A story of a priest (Barry Fitzgerald) getting on in years and his trials and tribulations with his new assistant (Bing Crosby), a young, progressive upstart that seems to him to be tearing up every bit of the church he had built over 45 years prior.
Father O’Malley’s philosophy of how life should be is lovely. The lighter side of religion, the side this film covers, makes a heathen like me want to Hail Mary and carry a Rosary. The film is so infectious and positive, that until reviewing the film again tonight, I completely forgot O’Malley’s cracks to the atheist in the beginning. These make me sad, but director and writer of Going My Way, Leo McCarey, like Bing Crosby was a devout Catholic. He clearly had a good time of it to be able to create a character like Father O’Malley.
The songs are beautiful. Crosby sings “Hail Alma Mater,” “The Day After Forever,” “Too-Ra-Loo-Ra-Loo-Ra,” “Ave Maria,” “Going My Way,” “Swingin’ On A Star,” and “Silent Night.” Risë Stevens also makes her second film appearance singing “Habanera,” “Ave Maria,” and “Going My Way.” Everything about these numbers, except perhaps “Habanera” is simple and heartfelt. “Habanera” is stunningly dressed for the screen with Risë Stevens in her most famous operatic role. It’s a gift that her “Habanera” was preserved on the screen for generations to come.
I always thought the subplot with the young couple a little awkward though, even though we get “The Day After Forever” with goofy hand motions with Bing doing a bit of mocking. That’s pure loveliness, but all the same the subplot sometimes bogs down the speed of the film a bit. I would have rather seen a little more Risë Stevens, only because there could never be enough of her. It’s interesting that she is clearly in love with Father O’Malley and McCarey (I presume) was a little coy and sensitive in approaching their relationship.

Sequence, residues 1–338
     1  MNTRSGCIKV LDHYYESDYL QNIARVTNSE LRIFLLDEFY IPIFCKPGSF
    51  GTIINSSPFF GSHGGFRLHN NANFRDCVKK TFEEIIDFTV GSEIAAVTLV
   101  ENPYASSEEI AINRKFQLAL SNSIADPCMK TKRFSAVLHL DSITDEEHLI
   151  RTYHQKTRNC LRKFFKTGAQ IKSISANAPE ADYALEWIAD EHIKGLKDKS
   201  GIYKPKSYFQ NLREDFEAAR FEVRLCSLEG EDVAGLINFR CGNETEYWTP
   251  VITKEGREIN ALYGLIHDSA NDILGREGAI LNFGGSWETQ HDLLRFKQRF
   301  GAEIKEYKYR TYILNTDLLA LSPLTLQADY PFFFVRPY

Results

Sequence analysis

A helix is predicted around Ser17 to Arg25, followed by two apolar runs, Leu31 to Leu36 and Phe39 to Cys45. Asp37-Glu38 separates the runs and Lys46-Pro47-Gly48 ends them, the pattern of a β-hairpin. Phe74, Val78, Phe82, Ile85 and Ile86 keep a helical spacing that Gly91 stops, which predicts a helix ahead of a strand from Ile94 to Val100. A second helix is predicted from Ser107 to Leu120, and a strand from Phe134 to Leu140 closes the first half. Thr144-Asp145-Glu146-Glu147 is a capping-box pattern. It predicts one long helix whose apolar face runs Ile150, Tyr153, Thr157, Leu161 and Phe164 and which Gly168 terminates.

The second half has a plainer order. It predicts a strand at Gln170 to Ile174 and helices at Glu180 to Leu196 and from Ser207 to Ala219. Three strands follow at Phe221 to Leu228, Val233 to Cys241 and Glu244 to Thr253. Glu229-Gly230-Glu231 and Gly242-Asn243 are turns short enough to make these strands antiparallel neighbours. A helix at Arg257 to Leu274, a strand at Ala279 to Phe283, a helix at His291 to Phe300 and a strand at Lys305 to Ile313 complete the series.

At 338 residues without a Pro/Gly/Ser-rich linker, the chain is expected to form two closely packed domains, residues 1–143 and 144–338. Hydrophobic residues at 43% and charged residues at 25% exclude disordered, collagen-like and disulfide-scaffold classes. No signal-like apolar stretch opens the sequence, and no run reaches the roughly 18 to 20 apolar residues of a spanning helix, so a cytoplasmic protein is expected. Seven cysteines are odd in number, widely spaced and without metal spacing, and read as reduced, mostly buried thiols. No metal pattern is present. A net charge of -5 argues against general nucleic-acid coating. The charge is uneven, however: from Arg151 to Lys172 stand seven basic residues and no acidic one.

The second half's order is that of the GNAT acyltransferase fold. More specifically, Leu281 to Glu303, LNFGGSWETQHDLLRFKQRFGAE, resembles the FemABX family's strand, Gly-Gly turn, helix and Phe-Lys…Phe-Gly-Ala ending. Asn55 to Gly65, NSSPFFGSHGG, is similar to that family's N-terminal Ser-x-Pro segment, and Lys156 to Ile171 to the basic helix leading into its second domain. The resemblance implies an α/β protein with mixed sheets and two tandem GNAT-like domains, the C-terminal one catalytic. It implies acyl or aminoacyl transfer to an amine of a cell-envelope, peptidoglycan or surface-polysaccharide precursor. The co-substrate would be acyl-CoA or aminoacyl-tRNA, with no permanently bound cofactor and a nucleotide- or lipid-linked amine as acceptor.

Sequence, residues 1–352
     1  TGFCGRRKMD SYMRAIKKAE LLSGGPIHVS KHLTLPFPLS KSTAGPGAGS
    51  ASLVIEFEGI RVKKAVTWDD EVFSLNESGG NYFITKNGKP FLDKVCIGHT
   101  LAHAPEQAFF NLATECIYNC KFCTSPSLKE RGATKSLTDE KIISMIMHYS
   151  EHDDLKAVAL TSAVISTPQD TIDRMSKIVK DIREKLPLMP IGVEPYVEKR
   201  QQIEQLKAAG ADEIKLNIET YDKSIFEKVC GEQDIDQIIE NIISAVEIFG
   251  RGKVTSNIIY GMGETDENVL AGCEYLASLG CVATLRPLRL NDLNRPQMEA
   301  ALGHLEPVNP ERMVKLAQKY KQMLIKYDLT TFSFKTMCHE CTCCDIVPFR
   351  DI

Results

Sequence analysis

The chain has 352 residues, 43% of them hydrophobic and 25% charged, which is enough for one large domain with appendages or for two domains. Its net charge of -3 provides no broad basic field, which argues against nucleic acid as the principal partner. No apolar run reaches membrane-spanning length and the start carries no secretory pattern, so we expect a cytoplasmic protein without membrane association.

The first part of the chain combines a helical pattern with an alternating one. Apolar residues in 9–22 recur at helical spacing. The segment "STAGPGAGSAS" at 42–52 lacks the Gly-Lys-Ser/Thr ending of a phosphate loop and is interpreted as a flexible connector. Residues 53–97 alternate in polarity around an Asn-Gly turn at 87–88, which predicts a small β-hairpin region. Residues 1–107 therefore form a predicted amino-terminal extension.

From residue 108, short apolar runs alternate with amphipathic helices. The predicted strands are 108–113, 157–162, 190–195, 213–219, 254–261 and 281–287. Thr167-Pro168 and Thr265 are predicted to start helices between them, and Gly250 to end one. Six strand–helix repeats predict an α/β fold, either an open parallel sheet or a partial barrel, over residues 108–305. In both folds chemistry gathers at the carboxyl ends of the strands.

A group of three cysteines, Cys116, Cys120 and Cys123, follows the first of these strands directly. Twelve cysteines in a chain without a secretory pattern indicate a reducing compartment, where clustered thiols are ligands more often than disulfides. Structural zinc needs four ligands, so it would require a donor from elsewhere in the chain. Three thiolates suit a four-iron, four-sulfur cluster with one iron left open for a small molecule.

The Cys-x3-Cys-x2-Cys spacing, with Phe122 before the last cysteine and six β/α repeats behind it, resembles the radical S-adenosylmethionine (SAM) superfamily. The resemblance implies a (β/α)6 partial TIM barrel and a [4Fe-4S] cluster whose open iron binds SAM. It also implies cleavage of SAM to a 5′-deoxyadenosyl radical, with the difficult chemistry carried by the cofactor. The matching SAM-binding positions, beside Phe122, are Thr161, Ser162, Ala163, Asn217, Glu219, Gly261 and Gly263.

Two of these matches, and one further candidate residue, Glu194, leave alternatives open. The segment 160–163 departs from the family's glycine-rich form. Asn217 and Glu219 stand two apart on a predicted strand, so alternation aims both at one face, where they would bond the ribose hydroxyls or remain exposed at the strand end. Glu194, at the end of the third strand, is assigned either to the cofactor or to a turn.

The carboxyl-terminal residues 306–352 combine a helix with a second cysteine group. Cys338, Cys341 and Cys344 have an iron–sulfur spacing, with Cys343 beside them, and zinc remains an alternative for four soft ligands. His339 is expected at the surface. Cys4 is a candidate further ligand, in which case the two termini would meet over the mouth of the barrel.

Another heartwarming subplot in the film is Father O’Malley’s attempt to get a rowdy group of boys off the streets and into the church choir. The boys are skeptical of the plan at first until they hear themselves sing as a group and become completely engaged and willing to help Father O’Malley any way they can. As a choir they can do no wrong.
Father O’Malley is persuasive though, not only to the audience, and to the boys he brings into the choir, but to Father Fitzgibbon (Fitzgerald). He gets the old man out and about–in the rain, on the golf course. While trying to figure out his new place within his own church, Father Fitzgibbon is certainly
taken out of his element. His character arc takes us for a 180 degree turn.
Father O’Malley, on the other hand, seems to end up drifting and being put on a sort of Groundhog Day routine where he has to wake up every few months and start all over again. It’s interesting that the film ends with him leaving Father Fitzgibbon and there’s a definite sadness as Father O’Malley steps out of frame. Will he be lonely or will he find some sort of happiness? We learn a bit more in the sequel to the film, The Bells of St. Marys, where Father O’Malley saves a school from closing down.
Whether you’re religious or not, the spirit of the film will capture your heart. A tear or two may be shed by a surprise visit at the end of the film. A lot of spirits were raised in 1944 when this film was released. War was raging in Europe and this was the biggest box office draw of 1944. Crosby was the biggest drawing star of the year. Everything was going Bing Crosby’s way for certain, especially when he took home Oscar for Best Actor. A beautiful film, deserving of it’s ten Oscar nominations and seven Oscar wins: Best Picture, Best Actor, Best Actor in a Leading Role, Best Director, Best Original Song, Best Writing, Best Screenplay.